In a move toward making the country “smoke-free” by 2025, the New Zealand government has proposed new legislation forcing all tobacco products into plain packaging – no logos, no defining colours, just product names in a standardised font on brown paper – and it’s causing an uproar among the big tobacco companies.
Of course, the tobacco industry has faced these kinds of challenges before. In 1963 cigarette advertising was banned from television and radio. Then in 1974 the first warnings appeared on packaging, with regulations stipulating that 30% of the front and 90% of the back must include graphic health warning images. It’s hard to argue with the motive as tobacco consumption is the leading global cause of preventable death; in New Zealand 13 people a day and more than 5,000 a year die as a direct result of cigarette smoking.
New Zealand is not alone in this campaign to clamp down on package branding. A similar case is now before the High Court in Australia, and New Zealand as well as Canada and the UK are closely watching the developments. The proceedings are being led by British American Tobacco, which is arguing the proposal is a violation of their trade mark and intellectual property (IP) rights. The key discussion point is whether IP rights that have previously been granted can then be effectively ‘taken away’. They are also arguing that the move would make it easier for black market operators to sell counterfeit products.
From an IP perspective, the most interesting question is how such legislation effectively removing IP rights of a holder could affect a country’s ability to meet international IP obligations and comply with free trade agreements. Several members of the World Trade Organisation (WTO) have raised concerns about trade barriers and called the Australian Bill “inconsistent” with TRIPS (Trade-Related Aspects of Intellectual Property Rights). TRIPS is an international agreement setting the minimum standards on protection of intellectual property for WTO members and includes copyright laws, patents, trade marks and confidential information, as well as specifying enforcement and dispute resolution procedures. As individual governments introduce unique rules and laws the protection of a global brand or trade mark becomes incredibly problematic, as no single advisor can be apprised of separate conditions and situations across hundreds of countries. Furthermore, the Australian case could set a precedent that any rights granted could be at risk of removal at a later date by a future government.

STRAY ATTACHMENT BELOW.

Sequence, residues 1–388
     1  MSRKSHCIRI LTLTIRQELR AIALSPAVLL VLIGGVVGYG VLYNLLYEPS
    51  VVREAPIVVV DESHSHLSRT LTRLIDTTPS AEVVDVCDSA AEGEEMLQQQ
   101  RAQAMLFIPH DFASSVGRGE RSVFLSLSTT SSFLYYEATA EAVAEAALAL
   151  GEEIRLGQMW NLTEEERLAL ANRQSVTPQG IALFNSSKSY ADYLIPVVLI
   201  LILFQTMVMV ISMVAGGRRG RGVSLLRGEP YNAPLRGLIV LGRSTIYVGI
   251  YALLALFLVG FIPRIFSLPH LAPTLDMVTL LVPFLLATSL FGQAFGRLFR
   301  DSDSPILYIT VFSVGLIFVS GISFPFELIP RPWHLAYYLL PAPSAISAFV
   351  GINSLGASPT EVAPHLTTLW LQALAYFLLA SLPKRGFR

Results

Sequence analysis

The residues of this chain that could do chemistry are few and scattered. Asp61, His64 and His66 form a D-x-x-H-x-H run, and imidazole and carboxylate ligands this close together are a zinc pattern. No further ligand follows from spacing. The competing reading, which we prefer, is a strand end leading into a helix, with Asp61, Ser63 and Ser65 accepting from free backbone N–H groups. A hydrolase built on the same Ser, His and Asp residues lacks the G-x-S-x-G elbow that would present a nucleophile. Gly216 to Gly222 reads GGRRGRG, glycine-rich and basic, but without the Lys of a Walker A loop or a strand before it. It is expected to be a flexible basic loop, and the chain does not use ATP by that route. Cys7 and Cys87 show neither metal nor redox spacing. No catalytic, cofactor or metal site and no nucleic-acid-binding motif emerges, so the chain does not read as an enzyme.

The Trans Pacific Partnership (TPP) Agreement (to be signed end of 2012) is a free trade agreement with nine countries: Australia, Brunei Darussalam, Chile, Malaysia, New Zealand, Peru, Singapore, Vietnam, and the United States and perhaps more players in time. Proponents of the TPP argue that it could boost trade revenue among the countries by NZD$1.1 trillion. Some suggest, however, that the TPP agreement could enable foreign corporations to challenge legitimate health, social and environmental policies in international tribunals, and therefore severely limit the ability of governments to introduce this kind of tobacco (or alcohol) policy change in the future. Australia is pushing for exemptions from such clauses in any international agreements they sign. In fact more than 60 judges, lawyers, MPs and academics across New Zealand recently issued an open letter calling on lead negotiators to reject the “investor-state dispute settlement” mechanism, and follow Australia’s lead.
We’ll keep you posted with developments.